The discovery of receptor-receptor interactions (RRIs) in the early 1980s together with a more accurate focusing of allosteric mechanisms in proteins, significantly expanded the knowledge on the G protein-coupled receptors (GPCR)-mediated signaling processes in the cells. In particular, increasing evidence was provided that GPCR operate not only as monomers but also as quaternary structures (homodimers, heterodimers and higher-order oligomers), in which networks of electrostatic interactions (hydrogen bonds, van der Waals forces) shape the configuration of the single receptors and the topology of the entire complex, allowing an integration of the incoming signals already at the plasma membrane level through allosteric receptor-receptor interactions. Once established, these integrative mechanisms change the function of the involved GPCR, leading to a sophisticated dynamics of the receptor assembly in terms of modulation of recognition and signaling.
As a consequence, when the interacting receptors are iso-receptors a single neurotransmitter becomes able to induce a spectrum of possible cellular responses that can either work in parallel (redundancy) or interact with each other (complex responses). These factors lead to an astonishing increase in the modes for the recognition/decoding processes that control the cellular biochemical machineries and appear of particular interest for possible therapeutic applications, as indicated by studies on the dopamine iso-receptor complexes D1-D2 and D1-D3 suggesting them as possible targets for neuropsychiatric disorders.
Thus, the expansion of the GPCR field emerging from the characterization of receptor-receptor interactions can also pave the way for the development of novel pharmacological strategies for the treatment of several pathologies, and in the next future this research effort is likely to have a major impact on molecular medicine.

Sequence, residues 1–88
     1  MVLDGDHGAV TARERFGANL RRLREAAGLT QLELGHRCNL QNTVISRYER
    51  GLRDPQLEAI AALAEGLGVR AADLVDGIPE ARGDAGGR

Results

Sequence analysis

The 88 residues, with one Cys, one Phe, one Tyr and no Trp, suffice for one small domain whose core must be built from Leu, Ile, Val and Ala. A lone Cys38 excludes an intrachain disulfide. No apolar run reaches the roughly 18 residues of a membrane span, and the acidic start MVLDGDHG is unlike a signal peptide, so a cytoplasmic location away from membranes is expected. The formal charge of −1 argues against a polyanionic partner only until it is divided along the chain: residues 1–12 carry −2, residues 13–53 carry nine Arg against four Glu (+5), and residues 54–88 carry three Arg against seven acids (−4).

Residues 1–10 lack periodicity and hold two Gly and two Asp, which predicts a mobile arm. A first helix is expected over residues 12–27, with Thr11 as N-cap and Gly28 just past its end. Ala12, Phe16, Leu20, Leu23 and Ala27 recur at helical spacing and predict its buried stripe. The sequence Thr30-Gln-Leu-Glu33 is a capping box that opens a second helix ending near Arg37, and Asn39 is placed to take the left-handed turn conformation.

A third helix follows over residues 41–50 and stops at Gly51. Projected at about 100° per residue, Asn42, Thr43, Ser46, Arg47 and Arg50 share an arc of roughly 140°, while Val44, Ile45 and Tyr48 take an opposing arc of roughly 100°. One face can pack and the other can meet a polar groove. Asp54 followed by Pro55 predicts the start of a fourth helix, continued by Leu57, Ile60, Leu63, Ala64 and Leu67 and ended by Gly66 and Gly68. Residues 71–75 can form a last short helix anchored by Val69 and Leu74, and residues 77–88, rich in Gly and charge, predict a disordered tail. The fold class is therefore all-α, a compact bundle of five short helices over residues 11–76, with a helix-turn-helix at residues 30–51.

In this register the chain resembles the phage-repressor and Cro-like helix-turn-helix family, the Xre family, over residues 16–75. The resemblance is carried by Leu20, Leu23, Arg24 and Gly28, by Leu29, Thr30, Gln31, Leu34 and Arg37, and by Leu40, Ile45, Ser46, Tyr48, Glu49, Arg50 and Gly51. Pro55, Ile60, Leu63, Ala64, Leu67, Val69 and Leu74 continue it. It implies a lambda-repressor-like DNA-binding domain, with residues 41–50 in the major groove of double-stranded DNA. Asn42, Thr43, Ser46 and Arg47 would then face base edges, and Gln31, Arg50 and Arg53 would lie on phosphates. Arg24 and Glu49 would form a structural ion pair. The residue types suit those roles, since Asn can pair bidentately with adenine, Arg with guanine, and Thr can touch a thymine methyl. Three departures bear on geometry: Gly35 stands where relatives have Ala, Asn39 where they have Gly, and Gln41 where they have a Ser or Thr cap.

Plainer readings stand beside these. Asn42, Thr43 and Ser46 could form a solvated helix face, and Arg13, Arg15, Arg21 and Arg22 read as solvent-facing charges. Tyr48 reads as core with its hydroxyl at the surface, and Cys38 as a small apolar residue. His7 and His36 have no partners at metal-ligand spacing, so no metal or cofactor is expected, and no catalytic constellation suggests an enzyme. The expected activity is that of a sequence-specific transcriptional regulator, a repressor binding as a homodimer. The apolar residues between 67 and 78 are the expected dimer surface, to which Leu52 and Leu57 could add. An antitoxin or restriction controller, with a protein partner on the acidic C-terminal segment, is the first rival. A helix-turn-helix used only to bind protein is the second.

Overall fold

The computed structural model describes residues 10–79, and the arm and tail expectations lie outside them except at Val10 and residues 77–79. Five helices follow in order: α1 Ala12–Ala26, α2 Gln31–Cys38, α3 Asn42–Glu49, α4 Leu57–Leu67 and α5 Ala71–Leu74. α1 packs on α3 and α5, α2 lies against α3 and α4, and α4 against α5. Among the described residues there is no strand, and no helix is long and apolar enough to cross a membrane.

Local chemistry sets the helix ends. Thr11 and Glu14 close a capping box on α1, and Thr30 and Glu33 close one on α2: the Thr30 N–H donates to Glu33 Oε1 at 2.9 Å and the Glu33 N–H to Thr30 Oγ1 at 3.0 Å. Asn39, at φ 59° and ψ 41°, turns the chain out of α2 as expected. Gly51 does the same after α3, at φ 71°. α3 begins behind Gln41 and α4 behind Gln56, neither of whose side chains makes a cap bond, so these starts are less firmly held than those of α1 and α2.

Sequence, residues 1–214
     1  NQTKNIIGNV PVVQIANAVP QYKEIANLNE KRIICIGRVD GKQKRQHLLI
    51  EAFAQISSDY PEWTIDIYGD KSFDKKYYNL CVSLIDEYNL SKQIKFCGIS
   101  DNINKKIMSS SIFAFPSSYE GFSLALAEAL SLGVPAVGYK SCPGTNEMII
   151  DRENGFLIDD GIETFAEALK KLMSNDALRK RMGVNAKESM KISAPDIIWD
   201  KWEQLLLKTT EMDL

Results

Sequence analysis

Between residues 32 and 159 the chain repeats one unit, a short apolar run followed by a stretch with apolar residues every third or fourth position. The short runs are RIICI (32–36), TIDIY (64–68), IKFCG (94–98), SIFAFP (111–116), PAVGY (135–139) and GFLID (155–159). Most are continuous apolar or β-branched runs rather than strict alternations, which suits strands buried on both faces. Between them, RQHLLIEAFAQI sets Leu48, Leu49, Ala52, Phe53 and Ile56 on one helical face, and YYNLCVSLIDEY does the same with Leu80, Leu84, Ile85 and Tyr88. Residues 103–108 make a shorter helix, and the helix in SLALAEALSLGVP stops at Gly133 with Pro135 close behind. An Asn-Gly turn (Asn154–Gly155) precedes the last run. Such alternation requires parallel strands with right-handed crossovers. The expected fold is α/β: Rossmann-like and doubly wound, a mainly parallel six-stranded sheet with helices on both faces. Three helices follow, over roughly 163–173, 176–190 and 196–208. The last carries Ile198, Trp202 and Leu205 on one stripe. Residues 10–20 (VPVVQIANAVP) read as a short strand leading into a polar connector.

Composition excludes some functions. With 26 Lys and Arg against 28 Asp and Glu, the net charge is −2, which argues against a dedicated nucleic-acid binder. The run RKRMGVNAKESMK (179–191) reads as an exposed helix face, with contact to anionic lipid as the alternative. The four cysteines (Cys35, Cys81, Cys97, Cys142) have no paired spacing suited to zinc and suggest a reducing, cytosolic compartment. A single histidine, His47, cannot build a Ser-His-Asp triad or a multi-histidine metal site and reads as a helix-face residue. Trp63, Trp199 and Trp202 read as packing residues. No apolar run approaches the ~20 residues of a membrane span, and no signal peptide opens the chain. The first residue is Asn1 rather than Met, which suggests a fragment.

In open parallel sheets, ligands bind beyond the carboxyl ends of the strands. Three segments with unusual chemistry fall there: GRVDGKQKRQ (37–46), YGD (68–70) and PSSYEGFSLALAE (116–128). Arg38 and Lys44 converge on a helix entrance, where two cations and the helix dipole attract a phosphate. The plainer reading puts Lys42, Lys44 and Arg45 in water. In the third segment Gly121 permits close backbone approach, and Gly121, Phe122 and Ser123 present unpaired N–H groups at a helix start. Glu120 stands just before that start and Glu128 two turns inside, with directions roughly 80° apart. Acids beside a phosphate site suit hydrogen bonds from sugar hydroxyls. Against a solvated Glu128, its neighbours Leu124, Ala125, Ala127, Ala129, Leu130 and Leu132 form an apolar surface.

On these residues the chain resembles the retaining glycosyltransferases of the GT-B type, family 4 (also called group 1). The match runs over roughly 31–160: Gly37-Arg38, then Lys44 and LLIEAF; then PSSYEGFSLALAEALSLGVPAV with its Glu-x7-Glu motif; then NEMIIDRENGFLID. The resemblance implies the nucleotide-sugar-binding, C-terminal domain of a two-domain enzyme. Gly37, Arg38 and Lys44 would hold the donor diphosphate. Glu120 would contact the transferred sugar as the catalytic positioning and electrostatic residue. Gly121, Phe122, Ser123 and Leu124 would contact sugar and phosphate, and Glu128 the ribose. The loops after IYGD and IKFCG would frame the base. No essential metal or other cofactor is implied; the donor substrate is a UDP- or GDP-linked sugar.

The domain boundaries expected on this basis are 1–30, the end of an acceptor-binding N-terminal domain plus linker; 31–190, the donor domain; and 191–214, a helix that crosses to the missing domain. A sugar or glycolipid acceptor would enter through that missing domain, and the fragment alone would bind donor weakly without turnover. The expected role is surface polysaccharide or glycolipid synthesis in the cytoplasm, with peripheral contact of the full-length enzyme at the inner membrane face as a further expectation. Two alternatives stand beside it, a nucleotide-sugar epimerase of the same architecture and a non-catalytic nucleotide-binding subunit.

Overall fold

Figure Legend: Micro-domains of the plasma membrane where Receptor-Receptor Interactions (RRIs) can lead to the formation of receptor complexes (Receptor Mosaics, RMs). From the topology and dynamics of these receptor assemblies a wide spectrum of possible cellular responses to an incoming signal can emerge (Agnati, Guidolin et al., Prog Neurobiol, 2010)
Luigi F. Agnati1 , Diego Guidolin2 , Chiara Cervetto3 , Dasiel O. Borroto-Escuela4 , Kjell Fuxe4[expand title=”Show Affiliations”]
- Department of Biomedical Sciences, University of Modena and Reggio Emilia, Modena, Via Campi 287, 41100 Modena, Italy
- Department of Molecular Medicine, University of Padova, Via Gabelli 65, 35121 Padova, Italy
- Department of Pharmacy, University of Genova, Viale Cembrano 4, 16147 Genova, Italy
- Department of Neuroscience, Karolinska Institutet, Retzius vag 8, 17177 Stockholm, Sweden
Intercellular and intracellular communication processes consist of signals and recognition/decoding apparatuses of these signals. In humans, the G protein-coupled receptor (GPCR) family represents the largest family of cell surface receptors. More than 30 years ago, it has been proposed that GPCR could form dimers or higher-order oligomers (receptor mosaics [RMs] at the plasma membrane level and receptor-receptor interactions [RRIs] have been proposed as a new integrative mechanism for chemical signals impinging on cell plasma membranes). The basic phenomena involved in receptor-receptor interactions are allostery and cooperativity of membrane receptors, and the present paper provides basic information concerning their relevance for the integrative functions of RMs. In this context, the possible role of iso-receptor RM is discussed (with a special focus on dopamine receptor subtypes and on some of the RMs they form with other dopamine iso-receptors), and it is proposed that two types of cooperativity, namely, homotropic and heterotropic cooperativity, could allow distinguishing two types of functionally different RMs. From a general point of view, the presence of iso-receptors and their topological organization within RMs allow the use of a reduced number of signals for the intercellular communication processes, since the target cells can recognize and decode the same signal in different ways. This theoretical aspect is further analyzed here by means of an analogy with artificial information systems. Thus, it is suggested that the ‘multiplexer’ and ‘demultiplexer’ concepts could, at least in part, model the role of RMs formed by iso-receptors in the information handling by the cell.Go To Rev Neurosci.